OKLAHOMA CITY — A state appeals court on Thursday rejected a request to overturn the conviction of a high-profile death row inmate.
The Oklahoma Court of Criminal Appeals punted on Attorney General Gentner Drummond’s request to vacate Richard Glossip’s conviction, which, if approved, could have paved the way for the death row inmate to get a new trial.
Instead, the court set a May 18 execution date for the inmate who has spent almost 25 years on death row.
Although Drummond said he is still considering his next steps after the ruling, he indicated he opposes proceeding with Glossip’s execution.
“While I respect the Court of Criminal Appeals’ opinion, I am not willing to allow an execution to proceed despite so many doubts,” Drummond said in a statement. “Ensuring the integrity of the death penalty demands complete certainty.”
Gov. Kevin Stitt could intervene if the Oklahoma Pardon and Parole Board votes next week to recommend clemency for Glossip.
An attorney for Glossip said he will file an appeal with the U.S. Supreme Court.
Don Knight, Glossip’s attorney, said it is “unconscionable” for the Oklahoma appeals court to force the state to move forward with this execution despite Drummond’s objections.
“We cannot permit this longstanding injustice to go unchallenged and will be filing for review of this manifestly unjust ruling in the United States Supreme Court,” Knight said in a statement. “We ask all Oklahomans who believe in justice to stand with Mr. Glossip, and the State of Oklahoma, to stop this wrongful judicial execution.”
Glossip was convicted of first-degree murder for allegedly orchestrating the 1997 beating death of his boss, Oklahoma City motel owner Barry Van Treese.
Glossip has long maintained that he was framed for Van Treese’s murder. His attorneys claim that their client was set up by a motel maintenance man, Justin Sneed, who they argue killed Van Treese during a botched robbery and shifted the blame to avoid getting the death penalty himself.
In a 5-0 opinion, the appeals court concluded Glossip’s fifth application for post-conviction relief didn’t include any new revelations that would warrant overturning his conviction.
“This case has been thoroughly investigated and reviewed in numerous appeals,” Judge David Lewis wrote in the opinion. “Glossip has been given unprecedented access to prosecution files … yet he has not provided this Court with sufficient information that would convince the Court to overturn the jury’s determination that he is guilty of first-degree murder.”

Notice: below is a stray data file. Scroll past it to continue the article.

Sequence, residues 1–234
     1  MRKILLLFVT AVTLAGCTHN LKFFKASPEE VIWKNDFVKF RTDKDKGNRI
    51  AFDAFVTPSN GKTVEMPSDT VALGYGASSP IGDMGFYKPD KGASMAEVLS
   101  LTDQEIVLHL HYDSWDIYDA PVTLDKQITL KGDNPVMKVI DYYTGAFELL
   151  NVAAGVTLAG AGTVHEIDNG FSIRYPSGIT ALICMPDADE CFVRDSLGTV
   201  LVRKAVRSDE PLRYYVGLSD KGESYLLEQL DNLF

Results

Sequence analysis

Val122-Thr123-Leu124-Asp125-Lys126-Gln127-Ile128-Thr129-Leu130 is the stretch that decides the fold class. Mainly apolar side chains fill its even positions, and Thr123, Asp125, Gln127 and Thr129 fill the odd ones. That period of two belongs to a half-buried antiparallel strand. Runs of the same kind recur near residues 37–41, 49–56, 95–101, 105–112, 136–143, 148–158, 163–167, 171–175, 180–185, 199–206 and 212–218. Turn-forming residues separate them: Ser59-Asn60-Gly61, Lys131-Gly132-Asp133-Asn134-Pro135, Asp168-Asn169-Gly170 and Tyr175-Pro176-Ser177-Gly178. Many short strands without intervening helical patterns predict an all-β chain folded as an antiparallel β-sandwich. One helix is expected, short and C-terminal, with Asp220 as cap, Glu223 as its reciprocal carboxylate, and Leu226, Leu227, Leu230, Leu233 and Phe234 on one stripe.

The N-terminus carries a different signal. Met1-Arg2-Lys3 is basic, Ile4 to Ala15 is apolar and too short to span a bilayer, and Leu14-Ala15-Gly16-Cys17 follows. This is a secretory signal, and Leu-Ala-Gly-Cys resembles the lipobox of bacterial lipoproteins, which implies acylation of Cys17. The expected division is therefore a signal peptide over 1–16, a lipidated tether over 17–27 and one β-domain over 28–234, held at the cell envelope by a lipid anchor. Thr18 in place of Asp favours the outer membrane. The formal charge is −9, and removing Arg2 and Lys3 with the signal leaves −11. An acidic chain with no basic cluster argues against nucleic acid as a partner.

The appeals court appears to dismiss Drummond’s request that Glossip’s conviction be overturned because the attorney general made statements indicating he doesn’t believe Glossip is innocent.
“The State continues to believe that Glossip has culpability in the murder of Barry Van Treese,” Drummond told the appeals court in an April 6 filing.
“The Attorney General’s ‘concession’ does not directly provide statutory or legal grounds for relief in this case,” the opinion states.
State law is not designed to provide inmates with unlimited appeals on issues they have previously brought before the court. The appeals court is limited to reviewing claims of factual innocence and errors that could have changed the outcome of a trial, according to the opinion.
In the latest challenge to his conviction, Glossip does not present evidence to show that he is factually innocent, the opinion concludes.
Earlier this year, Drummond asked former prosecutor Rex Duncan to conduct an independent review of Glossip’s case. Duncan’s report said there was a “decades-long failure” in the case and that Glossip was deprived of a fair trial in which the state could be confident in the process and the result.
Among other things, the report questioned Sneed’s credibility as a key witness in the trial to convict Glossip.
Sneed made “material misstatements” to the jury, Drummond said in his April 6 filing.
But the appeals court pushed back on that assertion in its opinion Thursday.
The court also refused to delay Glossip’s execution any further.
Drummond had previously sought a stay of execution until 2024 while Duncan worked on the independent review. An execution stay is not necessary because the review is complete, the court concluded.
Death row in Oklahoma: Pace of executions in 2023 slows on AG’s request
Michael D. Smith
Oklahoma corrections director on execution: ‘Not pleasant to watch, but … not inhumane’
Clarence Goode Jr.
Raymond E. Johnson
Check out our latest digital-only offer and subscribe now